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Clutches - 101

Subaru Clutches 101: What’s Right For Me?

When it comes to replacing clutch on a modified, and even stock Subaru WRX or STI, owner is faced with too many choices and little information on which clutch would be just right for the car. Let’s sum things up and shed some light on the subject of clutch selection to help you select the right clutch for your Subaru’s level of performance.

In brief, a clutch is a link between an engine and a transmission, which can be engaged (clutch pedal released) or disengaged (clutch pedal depressed).

It is always good to upgrade from stock any time you are replacing a clutch. Aftermarket clutches can be stock-like, and give you more clamping power and a longer lasting clutch with stock-like pedal feel/effort and ability to comfortably “slip” the clutch. At the same time aftermarket clutches can be race-only, which would mean clutch chatter, very stiff clutch pedal and extremely harsh engagement not suitable for daily driving.

A clutch should be selected based on your Subaru’s power (torque) levels and your car’s purpose - whether you have a Subaru racecar or a daily driver.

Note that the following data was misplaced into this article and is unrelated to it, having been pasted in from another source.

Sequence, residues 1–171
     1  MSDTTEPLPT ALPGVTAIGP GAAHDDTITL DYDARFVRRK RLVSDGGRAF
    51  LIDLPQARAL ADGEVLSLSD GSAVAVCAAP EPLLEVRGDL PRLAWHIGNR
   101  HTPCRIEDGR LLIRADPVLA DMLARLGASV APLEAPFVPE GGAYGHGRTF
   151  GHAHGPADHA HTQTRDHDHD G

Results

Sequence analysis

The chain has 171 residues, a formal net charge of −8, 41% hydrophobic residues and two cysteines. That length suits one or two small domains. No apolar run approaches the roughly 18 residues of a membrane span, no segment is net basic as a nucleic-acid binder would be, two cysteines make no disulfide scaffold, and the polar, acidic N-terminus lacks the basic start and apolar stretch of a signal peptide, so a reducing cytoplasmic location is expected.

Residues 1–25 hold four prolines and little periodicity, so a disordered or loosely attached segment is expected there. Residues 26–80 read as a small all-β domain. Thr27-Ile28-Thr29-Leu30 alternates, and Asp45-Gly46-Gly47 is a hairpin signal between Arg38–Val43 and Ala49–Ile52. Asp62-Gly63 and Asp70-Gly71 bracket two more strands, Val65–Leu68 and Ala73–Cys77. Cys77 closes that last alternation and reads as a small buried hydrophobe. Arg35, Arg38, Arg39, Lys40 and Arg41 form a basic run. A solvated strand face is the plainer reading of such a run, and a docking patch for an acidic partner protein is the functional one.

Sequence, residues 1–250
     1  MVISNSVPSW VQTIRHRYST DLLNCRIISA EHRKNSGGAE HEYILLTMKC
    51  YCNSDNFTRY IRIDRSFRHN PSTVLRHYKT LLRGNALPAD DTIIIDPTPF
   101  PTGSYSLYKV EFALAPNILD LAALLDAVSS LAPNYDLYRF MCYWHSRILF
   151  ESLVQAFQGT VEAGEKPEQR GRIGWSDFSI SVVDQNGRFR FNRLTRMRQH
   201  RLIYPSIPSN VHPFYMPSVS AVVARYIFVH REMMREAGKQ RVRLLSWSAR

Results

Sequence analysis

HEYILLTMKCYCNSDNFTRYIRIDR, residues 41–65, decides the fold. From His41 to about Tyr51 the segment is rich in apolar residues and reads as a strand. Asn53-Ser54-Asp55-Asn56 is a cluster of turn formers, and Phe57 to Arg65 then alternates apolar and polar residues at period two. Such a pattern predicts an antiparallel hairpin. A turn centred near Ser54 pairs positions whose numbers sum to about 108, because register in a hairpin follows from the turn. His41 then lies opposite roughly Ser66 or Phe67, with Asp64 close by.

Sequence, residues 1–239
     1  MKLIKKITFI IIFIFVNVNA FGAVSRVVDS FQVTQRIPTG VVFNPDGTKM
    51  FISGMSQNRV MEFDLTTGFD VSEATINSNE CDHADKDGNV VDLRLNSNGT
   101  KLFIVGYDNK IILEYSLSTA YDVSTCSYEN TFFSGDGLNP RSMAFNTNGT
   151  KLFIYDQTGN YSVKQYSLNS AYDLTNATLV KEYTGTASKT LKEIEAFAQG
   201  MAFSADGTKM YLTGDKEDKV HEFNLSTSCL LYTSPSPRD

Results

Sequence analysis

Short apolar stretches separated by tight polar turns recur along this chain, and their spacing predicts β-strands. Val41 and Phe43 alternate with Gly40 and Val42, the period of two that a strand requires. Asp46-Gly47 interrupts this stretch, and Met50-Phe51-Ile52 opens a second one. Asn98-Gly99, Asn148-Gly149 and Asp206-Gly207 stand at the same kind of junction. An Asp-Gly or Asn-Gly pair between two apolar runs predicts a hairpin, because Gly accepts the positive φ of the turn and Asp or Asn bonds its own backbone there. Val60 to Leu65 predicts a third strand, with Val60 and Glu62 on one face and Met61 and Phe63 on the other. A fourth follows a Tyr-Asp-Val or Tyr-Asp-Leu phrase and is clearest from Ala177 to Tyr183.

General clutch selection:

Race cars, including track and drag race cars, need to have clutches with quickest engagement, in a race you do not really need to comfortably “slip” the clutch, thus transferring engagement stress to the clutch rather than transmission. Race clutches have quick, harsh engagement with little ability to slip the clutch. Race-type clutches put more stress on the Drivetrain due to their quick and harsh engagement, and should be avoided for non-race applications.

Clutch chatter is a chattering, clunking noise along with jerking that happens when the clutch is partially or fully engaged at lower RPM levels and there is little torque applied.

Drivers who drive their cars daily on highways and around town need the ability to “slip” the clutch to be able to move in stop and go traffic and for overall comfort. Slipping the clutch creates friction that helps synchronize engine and transmission and reduces the stress on the transmission during engagement.

Modified daily driven Subarus, which likely comprise the majority of Subaru WRX/STI cars out there, need the ability to do both “grip” and “slip”. There is no free lunch, however - the more “grip” your clutch has and the more torque it can hold, the less ability to “slip” the clutch is left. And vice versa. Twin- and triple-plate clutches (very expensive) compensate for that somewhat, additionally a compromise can be achieved without sacrificing an arm and a leg by choosing a sprung hub with a puck-style disk.

Clutch disk and pressure plate types:

Clutch consists of 2 different parts: a pressure plate and a clutch disk.